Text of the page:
It’s A Tragedy That I Won’t Be Able To Relive The Wonder Of Outer Wilds
You wake up next to a campfire and look up at the stars to see a flash, followed by a UFO zooming away. What was that? Mobius Digital’s Outer Wilds has you asking questions within the first few seconds of the game. Questions are the running theme throughout; there’s not a moment that goes by where you’re not wondering why, how, where, or who.
Looking up at the stars has always been considered one of the things that makes us human. We gaze up at the abyss and wonder if we’re alone. We wonder if we’ll meet anyone who can give us the answers we’re looking for. We wonder why we’re here. And it’s this wonderment that Outer Wilds plays on so well.
The game’s starting planet, Timber Heath, acts as a tutorial area, after which you’re launched into space with some vague directions. It’s only then that you discover that it’s a vast expanse of chaos that nothing could have prepared you for; if that isn’t a metaphor for life, I don’t know what is. As soon as you’re out of the atmosphere you’re bombarded with more questions than Brittle Hollow is with volcanic rocks.
The planets in Outer Wild’s mini-galaxy aren’t like the ones we’re used to seeing in other games or in similar sci-fi content. You’ll likely start the game asking yourself the one question, but the story continues to pile them on before you can even make sense of just one of them Why is there a twin pair of planets with loose soil constantly falling between them? How are floating land masses thrown into the stratosphere of Giant’s Deep? Or perhaps, most importantly, why am I waking up next to the same campfire each time I die?
Each planet you visit helps you answer some questions, whilst also adding more to the pile. At times you’ll find yourself scavenging through your logs like Charlie Kelly from that meme-d episode of It’s Always Sunny in Philadelphia, and sometimes you’ll find yourself sitting in your spaceship, pondering upon your insignificance as the galaxy continues to spin with or without you.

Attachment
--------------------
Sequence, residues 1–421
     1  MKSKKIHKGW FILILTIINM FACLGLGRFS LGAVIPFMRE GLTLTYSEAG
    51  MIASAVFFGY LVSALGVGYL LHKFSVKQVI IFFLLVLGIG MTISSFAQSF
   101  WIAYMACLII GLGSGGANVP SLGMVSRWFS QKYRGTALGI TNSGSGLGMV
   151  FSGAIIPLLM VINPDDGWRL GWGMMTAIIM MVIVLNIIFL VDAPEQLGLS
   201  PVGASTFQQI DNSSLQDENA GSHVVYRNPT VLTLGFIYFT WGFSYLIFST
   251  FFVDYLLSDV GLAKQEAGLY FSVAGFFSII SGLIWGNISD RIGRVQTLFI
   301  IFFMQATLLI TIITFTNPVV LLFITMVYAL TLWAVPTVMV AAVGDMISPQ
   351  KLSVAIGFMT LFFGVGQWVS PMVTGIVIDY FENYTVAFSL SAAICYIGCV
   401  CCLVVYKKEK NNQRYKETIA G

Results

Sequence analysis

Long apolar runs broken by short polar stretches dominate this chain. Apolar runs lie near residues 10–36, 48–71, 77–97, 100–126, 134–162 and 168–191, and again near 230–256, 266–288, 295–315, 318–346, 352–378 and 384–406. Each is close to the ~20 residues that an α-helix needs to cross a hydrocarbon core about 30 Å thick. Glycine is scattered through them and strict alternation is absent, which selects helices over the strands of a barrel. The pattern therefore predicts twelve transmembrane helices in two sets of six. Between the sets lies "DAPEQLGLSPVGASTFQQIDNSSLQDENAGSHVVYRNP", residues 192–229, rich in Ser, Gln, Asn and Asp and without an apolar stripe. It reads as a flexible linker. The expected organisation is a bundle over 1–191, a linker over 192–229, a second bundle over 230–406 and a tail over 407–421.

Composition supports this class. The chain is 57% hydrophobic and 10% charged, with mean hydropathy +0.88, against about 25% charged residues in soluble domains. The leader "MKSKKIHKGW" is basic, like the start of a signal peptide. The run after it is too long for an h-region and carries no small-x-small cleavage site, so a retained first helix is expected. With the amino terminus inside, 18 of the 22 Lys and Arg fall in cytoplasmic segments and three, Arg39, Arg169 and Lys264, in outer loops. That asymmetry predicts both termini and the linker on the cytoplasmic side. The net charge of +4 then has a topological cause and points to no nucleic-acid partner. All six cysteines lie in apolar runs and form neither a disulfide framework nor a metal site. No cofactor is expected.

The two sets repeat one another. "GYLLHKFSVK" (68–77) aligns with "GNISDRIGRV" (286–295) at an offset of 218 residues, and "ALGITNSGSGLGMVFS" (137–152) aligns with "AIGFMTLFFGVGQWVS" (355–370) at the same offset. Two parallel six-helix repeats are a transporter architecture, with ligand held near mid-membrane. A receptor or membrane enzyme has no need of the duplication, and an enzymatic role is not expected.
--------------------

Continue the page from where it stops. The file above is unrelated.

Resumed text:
Your journey across the system leads you to discover that you aren’t the centre of it. You’re a mere Hearthian trapped in the machinations of an advanced precursor race known as the Nomai. This race harnessed an entire solar system to try and stop the heat death of the universe. That’s why meeting the last surviving member of the race was such a humbling experience. Who are you, compared to such an advanced and noble species? Who are you in the larger scheme of things? The universe cares not for your little trifles and problems. The sense of smallness the game makes you feel is terrifying and liberating at the same time.
This is only complimented by Andrew Prahlow’s brilliant OST. The Timber Hearth track reminds you of home; what you’re trying to save. But it’s the End Times track that really strikes a chord with me. It picks up as the solar system’s sun reaches critical mass and is about to explode, ending your 22 minute run. As the score picks up, it makes you think back upon your run. Did you do enough? Did you accomplish what you set out to? It’s the end times, and you’re sitting on a distant planet wondering if your life meant something. Even to this day, that two-minute track makes me look back upon my life and wonder if it’s been worth it.
You do save the universe in the end; in a way. Rebooting is better than annihilation I guess. But Outer Wilds is a game that gives you the big picture only a few minutes before you finish the game. Yes, it answers all the questions you have, but the sense of wonderment stays with you even two years after completing the game. In one last existential fuck-you, the game reveals that the final step in the mystery was right there.
There’s no level-gating or blocking; if you know it, you could finish the game in the first loop itself. And that’s the most heartbreaking thing about Outer Wilds, once you know, you know; you can’t really replay it. All you’re left with is that sense of wonder, from first flight to final destination.
Outer Wilds teaches you that there will always be things to make us wonder. There will be an infinite number of questions you’ll want answers to, but chances are that very few of them will be answered. You might as well make music with your friends, roast marshmallows, and watch the stars.
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